A family Christmas
“I’ll be home for Christmas” are words that summarize the feelings felt by those of us who look forward to reuniting with family members after missing their company for long periods of time.
I won’t forget the first Christmas I missed away from my family. In December 1953, I was an Air Force recruit undergoing basic training at Lackland Air Force Base in San Antonio, Tex. Cigarettes, soft drinks and candy bars were off limits plus we recruits were confined to the base. The highlights of the day were a letter and small gift box I received from home and a baked ham and cornbread dressing lunch in the chow hall.
The next Christmas I was away from home again stationed at Elmendorf Air Force Base in Anchorage, Alaska. My thoughts were moving in a positive direction, however. I was wearing two stripes and spent the day setting pins for a tournament at the base bowling alley. That night, I wrote a love letter to my soon-to-be wife.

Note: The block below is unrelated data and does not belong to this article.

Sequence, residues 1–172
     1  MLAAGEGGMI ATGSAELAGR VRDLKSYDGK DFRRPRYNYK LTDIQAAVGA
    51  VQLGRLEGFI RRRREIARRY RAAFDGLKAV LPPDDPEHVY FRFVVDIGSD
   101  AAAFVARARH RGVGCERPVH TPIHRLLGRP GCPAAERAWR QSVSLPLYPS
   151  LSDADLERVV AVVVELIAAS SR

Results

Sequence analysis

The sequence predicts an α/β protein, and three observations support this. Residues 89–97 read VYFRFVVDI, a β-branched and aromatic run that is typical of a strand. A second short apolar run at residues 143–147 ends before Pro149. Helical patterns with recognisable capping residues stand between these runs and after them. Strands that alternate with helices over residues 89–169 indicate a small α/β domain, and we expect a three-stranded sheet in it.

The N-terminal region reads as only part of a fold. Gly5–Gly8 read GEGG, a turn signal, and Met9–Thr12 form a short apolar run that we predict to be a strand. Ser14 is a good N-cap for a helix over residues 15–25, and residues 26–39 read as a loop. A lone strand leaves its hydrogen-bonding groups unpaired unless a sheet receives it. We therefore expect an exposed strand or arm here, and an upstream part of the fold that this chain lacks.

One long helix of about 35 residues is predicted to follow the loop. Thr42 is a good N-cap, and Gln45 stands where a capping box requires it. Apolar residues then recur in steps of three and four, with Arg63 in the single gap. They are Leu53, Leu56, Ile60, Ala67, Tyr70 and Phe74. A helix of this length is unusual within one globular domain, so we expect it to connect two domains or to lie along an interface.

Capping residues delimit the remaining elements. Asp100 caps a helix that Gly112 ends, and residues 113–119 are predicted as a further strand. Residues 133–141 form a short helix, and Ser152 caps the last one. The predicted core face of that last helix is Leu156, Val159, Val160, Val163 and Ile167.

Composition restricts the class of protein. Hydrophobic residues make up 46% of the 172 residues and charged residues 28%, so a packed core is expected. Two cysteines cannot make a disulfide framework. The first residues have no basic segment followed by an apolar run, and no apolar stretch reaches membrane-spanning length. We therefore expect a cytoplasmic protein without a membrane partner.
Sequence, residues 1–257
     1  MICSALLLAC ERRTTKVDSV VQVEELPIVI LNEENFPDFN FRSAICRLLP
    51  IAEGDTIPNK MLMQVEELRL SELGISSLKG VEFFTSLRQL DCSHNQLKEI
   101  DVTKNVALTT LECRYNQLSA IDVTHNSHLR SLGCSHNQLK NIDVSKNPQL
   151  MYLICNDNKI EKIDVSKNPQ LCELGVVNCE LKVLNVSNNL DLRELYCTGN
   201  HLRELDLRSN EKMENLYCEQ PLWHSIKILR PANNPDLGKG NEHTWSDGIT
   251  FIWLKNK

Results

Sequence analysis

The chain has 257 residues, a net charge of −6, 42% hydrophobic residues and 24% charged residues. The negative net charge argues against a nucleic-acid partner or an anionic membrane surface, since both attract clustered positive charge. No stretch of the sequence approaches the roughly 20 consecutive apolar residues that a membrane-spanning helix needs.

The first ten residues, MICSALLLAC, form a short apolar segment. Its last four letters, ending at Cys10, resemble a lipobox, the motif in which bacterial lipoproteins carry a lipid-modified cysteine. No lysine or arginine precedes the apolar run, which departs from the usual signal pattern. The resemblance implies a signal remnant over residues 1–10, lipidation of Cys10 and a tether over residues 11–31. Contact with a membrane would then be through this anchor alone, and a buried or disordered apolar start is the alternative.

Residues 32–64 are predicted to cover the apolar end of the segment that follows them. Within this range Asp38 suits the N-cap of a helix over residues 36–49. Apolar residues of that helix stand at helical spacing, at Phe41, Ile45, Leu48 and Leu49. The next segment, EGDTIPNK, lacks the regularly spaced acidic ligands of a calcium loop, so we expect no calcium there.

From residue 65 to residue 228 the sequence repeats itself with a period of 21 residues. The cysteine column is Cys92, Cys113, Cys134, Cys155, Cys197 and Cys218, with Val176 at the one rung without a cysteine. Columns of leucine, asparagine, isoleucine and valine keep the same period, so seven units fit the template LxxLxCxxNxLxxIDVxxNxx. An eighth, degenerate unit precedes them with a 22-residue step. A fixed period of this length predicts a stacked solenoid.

In December 1955, Geanell and I were married and living in a modest off-base cottage in Anchorage. We decorated our first Christmas tree and exchanged gifts. We splurged on our small budget by buying Geanell a warm coat, played in two feet of snow and played cards with our neighbors.
Four generations ago, Geanell’s mother’s family began a tradition of hosting a Christmas dinner for the Griffins. The festive event was held on Christmas Eve for a number of years. Later, it was moved to the third Saturday in December and expanded to include nieces, nephews and second cousins. Grandchildren are currently serving as hosts and hostesses.
Last Saturday, the Griffins met in Hartselle at the home of Jeff and Pam Gray (niece) on Sunset Drive. Geanell served as co-hostess. There were 23 guests. They came from Birmingham, Mobile, Theodore, Wedowee, Huntsville and Decatur. The noon meal consisted of smoked turkey, baked ham, cornbread dressing, an assortment of vegetable and salad sides and baked desserts.